Prolific Mt. Airy journalist and author dies at 91


I once told James Smart he had the perfect last name. Because he most certainly was. 

The 36-year Mt. Airy resident, who wrote countless fascinating and entertaining articles for many area publications, including the Chestnut Hill Local, died April 15 at the age of 91.

Smart, who was an avid reader of the Chestnut Hill Local, once told me that “an attempt to estimate how many articles and columns I have written makes my head hurt.” 

“My Dad was very proud of being a columnist,” Smart's daughter, Leslie Zavodnick, told the Local last week. “He was a good man and a great dad. He was always there for us and for everything we were involved in. He always treated us like people, even as kids.”

He was also a serious history buff. “He gave us so much knowledge about history when we were kids,” Zavodnick said.

Smart came from humble beginnings and he never went to college. But he was an avid reader with a voracious curiosity - something he learned from his father, whose formal schooling ended before high school. 

“My father accumulated books by the dozen, and I read them all and still have them, hundreds of them - complete works of Dickens and Mark Twain and later writers such as Sinclair Lewis and H. G. Wells; mystery stories and history,” Smart told me once. “He was a prodigious reader. He subscribed to the morning Record and Ledger, the evening Ledger and the Bulletin. But he wouldn’t read the Inquirer because he said it was anti-union.”

Smart's father worked in hosiery mills on the looms that made ladies’ silk stockings. His mother worked in the accounts payable department at Strawbridge’s department store. Neither stayed long in formal school - his father left in the seventh grade and his mother in the ninth. 

Smart, who attended Northeast High School when it was located at 8th Street and Lehigh Avenue got a taste for newspapers early. 

He wrote his first article for Northeast’s student newspaper while still a freshman, a short humorous piece about a man who built the first telephone booth and didn’t know what to do with it. (He called his friend, Alexander Graham Bell, and said, “Hey, Al, are you busy tonight? Could you invent something to put in this thing?”)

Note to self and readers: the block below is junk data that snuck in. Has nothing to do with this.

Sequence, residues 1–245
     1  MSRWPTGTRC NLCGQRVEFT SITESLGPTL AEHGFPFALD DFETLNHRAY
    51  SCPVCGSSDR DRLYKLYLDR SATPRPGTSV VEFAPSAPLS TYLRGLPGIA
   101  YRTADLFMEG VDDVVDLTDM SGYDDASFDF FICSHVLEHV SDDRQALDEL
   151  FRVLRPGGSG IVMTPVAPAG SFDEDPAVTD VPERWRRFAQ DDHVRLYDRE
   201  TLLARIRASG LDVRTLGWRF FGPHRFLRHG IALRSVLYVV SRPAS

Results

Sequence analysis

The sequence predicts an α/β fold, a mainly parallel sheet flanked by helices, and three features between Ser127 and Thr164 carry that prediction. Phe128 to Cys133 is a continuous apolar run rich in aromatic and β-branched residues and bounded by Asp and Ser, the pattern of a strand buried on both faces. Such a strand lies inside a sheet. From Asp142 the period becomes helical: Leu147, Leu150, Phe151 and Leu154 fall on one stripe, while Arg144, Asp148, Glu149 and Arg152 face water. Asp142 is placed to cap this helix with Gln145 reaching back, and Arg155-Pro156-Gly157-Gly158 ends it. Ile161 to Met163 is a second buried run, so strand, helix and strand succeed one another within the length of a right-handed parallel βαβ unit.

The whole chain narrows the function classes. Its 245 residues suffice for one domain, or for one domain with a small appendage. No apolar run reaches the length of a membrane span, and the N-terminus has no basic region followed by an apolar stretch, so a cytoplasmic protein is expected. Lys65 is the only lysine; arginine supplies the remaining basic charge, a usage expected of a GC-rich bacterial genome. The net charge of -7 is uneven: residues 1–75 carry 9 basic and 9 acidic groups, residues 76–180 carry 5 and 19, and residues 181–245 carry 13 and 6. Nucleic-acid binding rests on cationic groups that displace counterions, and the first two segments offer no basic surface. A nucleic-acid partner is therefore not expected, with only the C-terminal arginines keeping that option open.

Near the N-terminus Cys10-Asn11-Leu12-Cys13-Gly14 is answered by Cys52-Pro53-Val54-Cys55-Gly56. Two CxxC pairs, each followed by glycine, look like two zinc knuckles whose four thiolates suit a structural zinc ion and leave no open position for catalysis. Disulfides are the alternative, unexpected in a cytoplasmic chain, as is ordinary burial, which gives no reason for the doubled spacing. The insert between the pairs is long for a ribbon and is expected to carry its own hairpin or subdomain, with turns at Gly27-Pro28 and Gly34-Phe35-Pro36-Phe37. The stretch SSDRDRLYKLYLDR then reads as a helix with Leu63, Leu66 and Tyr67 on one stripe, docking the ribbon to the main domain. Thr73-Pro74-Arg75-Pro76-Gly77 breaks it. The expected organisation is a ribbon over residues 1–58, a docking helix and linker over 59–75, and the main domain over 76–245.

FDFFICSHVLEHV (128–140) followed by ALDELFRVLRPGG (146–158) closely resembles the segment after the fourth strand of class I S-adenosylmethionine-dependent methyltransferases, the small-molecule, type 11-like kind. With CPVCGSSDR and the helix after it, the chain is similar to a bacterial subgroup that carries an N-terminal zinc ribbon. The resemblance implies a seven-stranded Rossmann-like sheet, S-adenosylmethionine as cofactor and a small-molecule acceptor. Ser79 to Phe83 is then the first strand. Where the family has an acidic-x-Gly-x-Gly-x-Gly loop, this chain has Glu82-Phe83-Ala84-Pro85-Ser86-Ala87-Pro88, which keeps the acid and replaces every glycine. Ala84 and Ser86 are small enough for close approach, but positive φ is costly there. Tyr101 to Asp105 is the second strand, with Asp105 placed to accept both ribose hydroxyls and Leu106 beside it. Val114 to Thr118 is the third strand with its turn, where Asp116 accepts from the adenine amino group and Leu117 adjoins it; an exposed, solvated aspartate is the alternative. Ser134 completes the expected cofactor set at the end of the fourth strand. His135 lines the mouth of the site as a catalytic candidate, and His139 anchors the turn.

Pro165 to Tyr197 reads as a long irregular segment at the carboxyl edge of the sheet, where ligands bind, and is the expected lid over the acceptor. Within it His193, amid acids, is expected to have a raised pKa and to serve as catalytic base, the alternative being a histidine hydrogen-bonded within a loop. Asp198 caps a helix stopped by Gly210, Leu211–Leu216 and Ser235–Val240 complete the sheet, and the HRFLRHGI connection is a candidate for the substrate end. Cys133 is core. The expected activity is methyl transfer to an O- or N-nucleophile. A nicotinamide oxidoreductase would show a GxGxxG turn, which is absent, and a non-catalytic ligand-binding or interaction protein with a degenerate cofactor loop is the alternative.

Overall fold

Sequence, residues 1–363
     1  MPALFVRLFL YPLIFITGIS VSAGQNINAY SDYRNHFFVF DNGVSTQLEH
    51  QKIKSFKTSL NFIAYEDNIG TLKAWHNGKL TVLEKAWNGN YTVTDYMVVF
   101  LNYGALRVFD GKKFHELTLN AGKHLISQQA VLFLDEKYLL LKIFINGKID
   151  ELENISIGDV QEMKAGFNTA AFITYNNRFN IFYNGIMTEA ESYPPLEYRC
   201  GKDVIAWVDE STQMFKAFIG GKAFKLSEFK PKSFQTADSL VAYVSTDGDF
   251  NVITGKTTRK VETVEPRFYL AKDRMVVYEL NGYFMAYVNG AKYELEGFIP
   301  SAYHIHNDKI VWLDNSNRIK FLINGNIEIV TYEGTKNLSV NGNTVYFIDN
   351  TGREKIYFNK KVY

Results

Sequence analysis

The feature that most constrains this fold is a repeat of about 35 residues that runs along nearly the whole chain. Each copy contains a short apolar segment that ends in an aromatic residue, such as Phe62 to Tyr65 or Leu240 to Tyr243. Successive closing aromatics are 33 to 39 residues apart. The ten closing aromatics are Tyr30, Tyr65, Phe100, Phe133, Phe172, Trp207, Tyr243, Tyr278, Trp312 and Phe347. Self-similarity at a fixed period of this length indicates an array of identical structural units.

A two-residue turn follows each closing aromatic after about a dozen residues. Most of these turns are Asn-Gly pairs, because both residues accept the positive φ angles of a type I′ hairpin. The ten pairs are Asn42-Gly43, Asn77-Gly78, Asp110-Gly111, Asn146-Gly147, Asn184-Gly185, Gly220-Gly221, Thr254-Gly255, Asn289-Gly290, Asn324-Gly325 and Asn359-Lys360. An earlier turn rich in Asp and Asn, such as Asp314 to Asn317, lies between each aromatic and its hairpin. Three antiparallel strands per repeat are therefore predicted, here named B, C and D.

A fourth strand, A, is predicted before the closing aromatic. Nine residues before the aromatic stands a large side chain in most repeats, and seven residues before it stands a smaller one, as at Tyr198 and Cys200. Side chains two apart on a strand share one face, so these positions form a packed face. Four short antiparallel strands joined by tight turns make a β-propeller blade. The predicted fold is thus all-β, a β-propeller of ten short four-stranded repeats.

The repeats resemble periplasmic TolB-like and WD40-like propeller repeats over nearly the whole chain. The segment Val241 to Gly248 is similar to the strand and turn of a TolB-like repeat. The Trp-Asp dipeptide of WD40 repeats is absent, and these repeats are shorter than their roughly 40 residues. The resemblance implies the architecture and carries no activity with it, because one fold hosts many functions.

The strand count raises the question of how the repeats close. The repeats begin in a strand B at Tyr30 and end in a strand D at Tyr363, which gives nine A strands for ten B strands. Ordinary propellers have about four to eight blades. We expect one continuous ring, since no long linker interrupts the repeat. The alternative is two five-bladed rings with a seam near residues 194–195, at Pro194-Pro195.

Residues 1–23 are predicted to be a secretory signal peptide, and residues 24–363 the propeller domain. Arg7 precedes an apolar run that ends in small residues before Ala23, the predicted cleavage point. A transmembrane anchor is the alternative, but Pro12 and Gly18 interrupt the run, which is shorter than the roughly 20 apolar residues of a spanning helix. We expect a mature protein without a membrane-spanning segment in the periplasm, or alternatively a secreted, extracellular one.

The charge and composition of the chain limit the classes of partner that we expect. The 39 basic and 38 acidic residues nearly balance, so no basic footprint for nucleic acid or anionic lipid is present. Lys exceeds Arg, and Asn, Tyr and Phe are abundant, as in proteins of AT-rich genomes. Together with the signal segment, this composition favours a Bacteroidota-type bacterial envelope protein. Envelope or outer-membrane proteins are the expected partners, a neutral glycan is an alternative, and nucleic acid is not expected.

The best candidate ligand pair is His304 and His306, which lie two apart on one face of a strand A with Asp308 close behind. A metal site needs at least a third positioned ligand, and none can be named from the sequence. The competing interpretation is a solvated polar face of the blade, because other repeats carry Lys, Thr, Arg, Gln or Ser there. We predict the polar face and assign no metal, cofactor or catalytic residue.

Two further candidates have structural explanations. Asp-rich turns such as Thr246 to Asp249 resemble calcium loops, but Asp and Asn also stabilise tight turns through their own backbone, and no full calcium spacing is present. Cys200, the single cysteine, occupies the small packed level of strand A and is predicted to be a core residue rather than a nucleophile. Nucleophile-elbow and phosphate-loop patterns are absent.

By his senior year, Smart was sure that he wanted to write for a living. 

“I sold two articles and a short story to a magazine, making a total of $75, more than my mother made in a week,” he told me. “When graduation approached, I foolishly turned down a scholarship to the University of Pennsylvania. The principal asked me what I wanted to do, and I said, 'work for The Bulletin.'”

In 1948, Smart started as a copy boy at the Bulletin, and wound up working there for 25 years. 

He was in the features department one night when Frank Brookhouser, whose column made him a friend to celebrities, got a call from singer Dinah Shore, who then had a weekly radio program. She was in town; did he want an exclusive interview? Brookhouser couldn’t do it because he had a regular evening radio program, so Smart was sent. His article ran the next day.

Smart then received more and more assignments. In 1958, he wrote a long series of articles about teenage gang violence that won the “Best News Writing of the Year Award” from the Philadelphia Press Association. In 1959, he began writing the venerable “In Our Town” column, six days a week, about human interest anecdotes and Philadelphia history. 

When Smart's column was discontinued in 1973, he resigned in protest. He worked briefly for a public relations firm, but The Bulletin lured him back as a freelancer. He created a daily history column during the bicentennial years of 1975 and 1976. In the late 1970s, he edited two failing business publications, and in 1982 began providing editorial services for Mellon Bank.

He retired from Mellon in 1990 and began writing a weekly column for the Roxborough Review, which was picked up by 20 other papers of the Intercounty Newspaper chain.

In 1995, he published a book of his humorous columns, “Soggy Shrub Rides Again.” In 2001, he wrote “Historic Philadelphia; an Illustrated History.” In 2011, he published “Adonijah Hill’s Diary,” an ingenious journal of a fictitious Evening Bulletin reporter in 1876, the Centennial year.

Smart, a virtual Google of Philadelphia history, lived in Bucks County with his first wife from 1961 to 1973 when she passed away. He moved to Center City and met his second wife, Barbara Torode, whom he married in 1977 and who died in January of 2019. The couple moved to Mt. Airy in 1986, where they raised their family. Survivors include two children, Leslie Zavodnick and Stephen Smart, three grandchildren and six great-grandchildren, a sister, and nieces and nephews. Funeral services were handled by Jacob F. Ruth Funeral Home in Chestnut Hill. 

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